A woman wearing a mask pedals her bicycle across the deserted U Pain Bridge in Amarapura in Mandalay on Friday. / Zaw Zaw

Myanmar State Counselor Daw Aung San Suu Kyi still chairs the National-Level Central Committee on Prevention, Control and Treatment of Coronavirus Disease 2019 (COVID-19), which includes the health minister. This committee is tasked with implementing prevention and treatment measures.

Should a lockdown, home quarantine—or even a curfew—be ordered, the military will no doubt be effective in enforcing it. It has some experience in such tasks, albeit under very different circumstances.

In an indication of the seriousness with which Thai authorities are treating the outbreak there, the country is implementing a nationwide nighttime curfew from 10 p.m. tonight.

Myanmar President U Win Myint is still missing in action, but in case of an emergency situation he could order the military to impose a curfew. He could also declare a state of emergency—a power the State Counselor does not have.

Death toll rises in Rakhine

Along with Laos, Myanmar was one of the regional latecomers to the coronavirus club, declaring its first confirmed case of COVID-19 on March 23. But the country is already confronting a homegrown crisis in northern Rakhine and Chin states, as bloody clashes continue between insurgents and Myanmar armed forces almost daily. Over the last two months, it is not the virus but the escalation of the conflict that has taken many lives in northern Rakhine State.

Western ambassadors from 18 foreign missions in Myanmar have called for an end to armed conflicts between the Myanmar military and non-state armed organizations amid the COVID-19 pandemic, urging both sides to focus on “protecting the most vulnerable communities from the devastating impacts of COVID-19.”

The statement echoed UN Secretary General António Guterres’s earlier statement pleading for a halt to all armed conflicts so that nations can focus on the crisis.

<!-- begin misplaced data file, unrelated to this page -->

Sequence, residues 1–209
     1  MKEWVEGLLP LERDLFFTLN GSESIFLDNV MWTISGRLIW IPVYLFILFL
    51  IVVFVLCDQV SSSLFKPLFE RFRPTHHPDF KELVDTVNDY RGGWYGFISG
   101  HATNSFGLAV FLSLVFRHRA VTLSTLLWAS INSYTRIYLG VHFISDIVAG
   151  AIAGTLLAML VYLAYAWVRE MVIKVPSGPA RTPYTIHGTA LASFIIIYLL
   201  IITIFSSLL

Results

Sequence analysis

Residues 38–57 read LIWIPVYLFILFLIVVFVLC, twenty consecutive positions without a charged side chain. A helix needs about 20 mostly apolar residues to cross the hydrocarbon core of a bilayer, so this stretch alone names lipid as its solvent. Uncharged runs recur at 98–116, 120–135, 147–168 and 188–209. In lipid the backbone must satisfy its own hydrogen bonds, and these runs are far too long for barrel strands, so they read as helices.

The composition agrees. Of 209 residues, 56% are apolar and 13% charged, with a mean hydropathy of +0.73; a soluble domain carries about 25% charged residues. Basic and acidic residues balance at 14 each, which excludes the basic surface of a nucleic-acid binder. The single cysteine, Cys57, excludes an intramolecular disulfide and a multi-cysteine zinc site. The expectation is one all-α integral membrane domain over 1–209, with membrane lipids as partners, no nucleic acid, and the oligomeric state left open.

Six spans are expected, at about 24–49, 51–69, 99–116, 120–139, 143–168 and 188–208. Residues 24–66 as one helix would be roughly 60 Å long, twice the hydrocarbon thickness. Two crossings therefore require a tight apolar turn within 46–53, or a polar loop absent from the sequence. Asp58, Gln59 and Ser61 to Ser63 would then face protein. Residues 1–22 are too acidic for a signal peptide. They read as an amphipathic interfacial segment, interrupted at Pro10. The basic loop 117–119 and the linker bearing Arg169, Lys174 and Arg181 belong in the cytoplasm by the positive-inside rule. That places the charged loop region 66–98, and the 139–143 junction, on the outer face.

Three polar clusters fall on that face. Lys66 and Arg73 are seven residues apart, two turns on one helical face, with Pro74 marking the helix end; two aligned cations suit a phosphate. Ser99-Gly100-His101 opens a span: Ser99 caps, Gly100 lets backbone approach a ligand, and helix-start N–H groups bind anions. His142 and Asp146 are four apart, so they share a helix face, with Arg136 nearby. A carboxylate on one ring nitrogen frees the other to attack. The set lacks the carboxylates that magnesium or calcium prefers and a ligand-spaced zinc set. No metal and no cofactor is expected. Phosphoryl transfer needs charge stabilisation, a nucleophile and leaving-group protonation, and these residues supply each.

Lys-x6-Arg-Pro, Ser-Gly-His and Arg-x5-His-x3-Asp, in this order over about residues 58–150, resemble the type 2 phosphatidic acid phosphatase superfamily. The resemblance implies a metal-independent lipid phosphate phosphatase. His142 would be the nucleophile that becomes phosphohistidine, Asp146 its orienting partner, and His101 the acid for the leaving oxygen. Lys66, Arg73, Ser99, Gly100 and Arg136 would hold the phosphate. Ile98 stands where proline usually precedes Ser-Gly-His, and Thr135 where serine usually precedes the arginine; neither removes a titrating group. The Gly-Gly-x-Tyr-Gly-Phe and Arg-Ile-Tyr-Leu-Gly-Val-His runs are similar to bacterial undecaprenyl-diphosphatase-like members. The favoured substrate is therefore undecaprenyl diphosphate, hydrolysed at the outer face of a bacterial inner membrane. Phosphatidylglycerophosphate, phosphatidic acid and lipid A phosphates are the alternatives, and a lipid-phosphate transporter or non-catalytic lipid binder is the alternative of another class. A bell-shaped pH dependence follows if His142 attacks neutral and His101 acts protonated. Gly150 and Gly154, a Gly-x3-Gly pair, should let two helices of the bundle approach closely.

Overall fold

“The fury of the virus illustrates the folly of war”, Guterres said. “That is why today, I am calling for an immediate global ceasefire in all corners of the world. It is time to put armed conflict on lockdown and focus together on the true fight of our lives,” he said, according to a UN News report issued on March 23.

The sad fact is that a lockdown is needed in northern Rakhine to save lives by containing the escalation of the armed conflict there—not the virus. As we face the COVID-19 situation in the country, isn’t it time to call for a nationwide ceasefire?

Isn’t it time for leaders to swallow their pride and ego, and choose the path of compromise? Isn’t this the time for unity? It is shameful to see how the country’s leaders are divided, precisely when the people most need them to be united.

In any case, how many in Myanmar will pay attention to the UN and heed its call to end the conflict?

This week, the UN leader called the coronavirus pandemic the most challenging crisis since the organization’s founding after World War II. But there has been a notable absence of global leadership during this crisis.

Rick Gladstone, a New York Times columnist, chided the UN, saying, “But the Security Council, its most powerful arm, has been conspicuously silent,” accusing the UNSC of being missing in action.

Still, many Myanmar people are glued to their screens, following coronavirus-related news and events from around the world as growing numbers of patients in the US and Europe die from the deadly disease. As developed countries face mounting challenges and struggle to control and contain the virus, many are asking, “What if we have an outbreak here?” This is the constant thought at the back of many people’s minds in Myanmar today.

Containing the spread of COVID-19 poses a real test and challenge for governments around the world, and Myanmar is no exception. It remains to be seen how well the government and authorities will be able to contain the spread of the disease and mitigate its effects on the nation’s health and economy.